Quick Facts

  • Adults are attractive, slender, sub cylindrical insects, 9-12 mm long
  • Metallic green in color
  • Posterior third of the elytra have two distinct white marks on their interior edge
  • Mature larvae are legless grubs, 25-43 mm long when mature and creamy white in color
  • First thoracic segment is wider than the other body segments
  • Two hornlike projections are found on the last abdominal segment
  • Adults are strong fliers on warm, sunny days and could travel several kilometers in search of suitable host material
  • Could be transported in wood products moving via international trade

Species Facts:

Metallic Beetles, such as the Oak Splendor Beetles, may have one generation a year, but a two-year cycle is more common. In northern Germany, the larvae hibernate over two winters. Adult flight occurs from May to July. After maturation and feeding on foliage in the crowns of oaks, females deposit clusters of 5-6 eggs in bark crevasses usually in the south facing side of large oaks.

Larvae feed in the cambium layer in longitudinal, winding, “zig-zag” galleries and overwinter inside the bark. They undergo five instars. When feeding is completed, an individual larva may excavate a gallery up to 155 cm long. Older larvae produce galleries in irregular, twisting, transverse directions. This can lead to partial or complete girdling of trees. Larval activity can result in twig and branch dieback, thin crowns and epicormic branching. Heavily infested trees or trees attacked for several successive years will die.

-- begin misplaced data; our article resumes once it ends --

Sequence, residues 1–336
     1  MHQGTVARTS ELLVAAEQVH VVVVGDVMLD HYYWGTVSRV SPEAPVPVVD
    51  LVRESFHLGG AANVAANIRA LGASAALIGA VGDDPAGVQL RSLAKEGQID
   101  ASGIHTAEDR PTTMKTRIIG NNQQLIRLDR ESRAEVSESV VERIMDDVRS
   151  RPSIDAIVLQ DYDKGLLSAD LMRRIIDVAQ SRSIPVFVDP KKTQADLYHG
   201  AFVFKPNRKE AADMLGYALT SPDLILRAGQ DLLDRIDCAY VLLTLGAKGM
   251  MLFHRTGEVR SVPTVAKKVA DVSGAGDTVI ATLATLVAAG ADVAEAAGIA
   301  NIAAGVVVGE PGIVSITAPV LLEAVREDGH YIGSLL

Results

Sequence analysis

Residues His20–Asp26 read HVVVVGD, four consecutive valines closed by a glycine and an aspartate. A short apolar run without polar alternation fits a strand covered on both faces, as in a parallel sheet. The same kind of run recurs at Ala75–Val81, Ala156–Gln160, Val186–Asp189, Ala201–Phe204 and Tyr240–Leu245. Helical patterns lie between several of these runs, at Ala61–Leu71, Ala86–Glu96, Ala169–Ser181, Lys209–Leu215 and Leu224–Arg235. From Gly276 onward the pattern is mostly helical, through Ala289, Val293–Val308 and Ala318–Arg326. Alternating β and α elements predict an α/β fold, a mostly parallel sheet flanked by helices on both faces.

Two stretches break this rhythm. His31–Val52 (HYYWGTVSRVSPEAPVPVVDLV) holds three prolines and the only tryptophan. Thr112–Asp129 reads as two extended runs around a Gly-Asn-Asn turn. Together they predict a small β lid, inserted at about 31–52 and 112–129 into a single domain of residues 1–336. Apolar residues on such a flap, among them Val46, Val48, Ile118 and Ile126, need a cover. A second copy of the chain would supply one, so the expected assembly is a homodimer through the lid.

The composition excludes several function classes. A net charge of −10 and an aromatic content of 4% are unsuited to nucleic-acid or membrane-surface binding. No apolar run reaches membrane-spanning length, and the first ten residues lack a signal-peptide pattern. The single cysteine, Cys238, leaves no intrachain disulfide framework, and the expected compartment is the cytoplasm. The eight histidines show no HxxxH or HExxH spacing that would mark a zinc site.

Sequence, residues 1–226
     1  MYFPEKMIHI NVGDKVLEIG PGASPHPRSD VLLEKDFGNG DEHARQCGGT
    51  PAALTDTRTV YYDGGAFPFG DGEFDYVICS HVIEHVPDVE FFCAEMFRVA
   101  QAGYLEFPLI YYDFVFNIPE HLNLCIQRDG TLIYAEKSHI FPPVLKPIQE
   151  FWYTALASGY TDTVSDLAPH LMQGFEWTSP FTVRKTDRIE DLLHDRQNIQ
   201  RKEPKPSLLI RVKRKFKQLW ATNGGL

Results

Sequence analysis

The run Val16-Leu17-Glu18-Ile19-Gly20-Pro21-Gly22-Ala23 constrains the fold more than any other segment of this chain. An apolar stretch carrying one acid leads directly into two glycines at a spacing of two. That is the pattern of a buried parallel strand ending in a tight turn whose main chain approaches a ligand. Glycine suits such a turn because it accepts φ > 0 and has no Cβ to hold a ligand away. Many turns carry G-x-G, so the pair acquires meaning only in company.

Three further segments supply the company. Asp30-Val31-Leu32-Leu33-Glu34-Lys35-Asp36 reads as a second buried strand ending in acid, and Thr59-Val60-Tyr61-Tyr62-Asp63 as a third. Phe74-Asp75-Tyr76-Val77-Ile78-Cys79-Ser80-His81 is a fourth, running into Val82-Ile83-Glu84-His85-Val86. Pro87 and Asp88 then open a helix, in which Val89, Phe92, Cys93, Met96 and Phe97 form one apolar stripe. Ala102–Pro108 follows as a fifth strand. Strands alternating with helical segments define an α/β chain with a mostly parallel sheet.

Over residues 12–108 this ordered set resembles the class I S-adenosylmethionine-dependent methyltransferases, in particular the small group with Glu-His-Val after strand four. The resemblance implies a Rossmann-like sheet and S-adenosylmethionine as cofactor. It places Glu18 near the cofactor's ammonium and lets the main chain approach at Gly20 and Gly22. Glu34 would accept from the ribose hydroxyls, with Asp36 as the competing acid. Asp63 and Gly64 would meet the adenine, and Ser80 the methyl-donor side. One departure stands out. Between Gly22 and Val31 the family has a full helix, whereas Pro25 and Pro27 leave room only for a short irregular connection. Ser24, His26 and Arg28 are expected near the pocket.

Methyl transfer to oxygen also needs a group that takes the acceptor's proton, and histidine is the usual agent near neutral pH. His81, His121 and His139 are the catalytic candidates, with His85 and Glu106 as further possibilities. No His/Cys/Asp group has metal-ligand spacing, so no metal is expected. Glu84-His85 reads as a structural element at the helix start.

The pupae develop in the bark, in chambers 10.4-14.4 mm long and 3.0-4.5 mm wide. Adults remain under the bark for about two weeks in late spring-early summer and construct D-shaped exit holes through which they emerge. Typically, infestations are progressive and require two to three years to kill a tree. In heavily infested trees, the entire main stem contains galleries and the trees are girdled and killed in a single season.

In their native range, Metallic Beetles have been regarded as a secondary invader of stressed and weakened trees. They are frequently found in trees that have been stressed by insect defoliation, frost damage or warm, dry summers. These insects have recently been associated with a European oak decline throughout its nature.

Extensive mortality of oak forests due to a complex of factors including the Metallic Beetle, known as oak decline, can alter the species composition of forests. As a secondary insect, the Metallic Beetle is one of a large group of insects instrumental in the decomposition of dead trees. To date, at least six exotic species of Metallic Beetle have become established in the U.S. Between 1985 and 2000, 38 confirmed interceptions of Metallic Beetle were made at U.S. ports of entry. Twenty-eight of these interceptions were from dunnage, 4 from crating, 4 from grape leaves, 1 from a cutting and one was at large in a ship’s hold.


Portions of this article courtesy of: EXFOR Database
Image of a Flathead Metallic Wood Borer a type of Metallic Beetle (Photo from: www.bugwood.org Credit to: Ladd Livingston)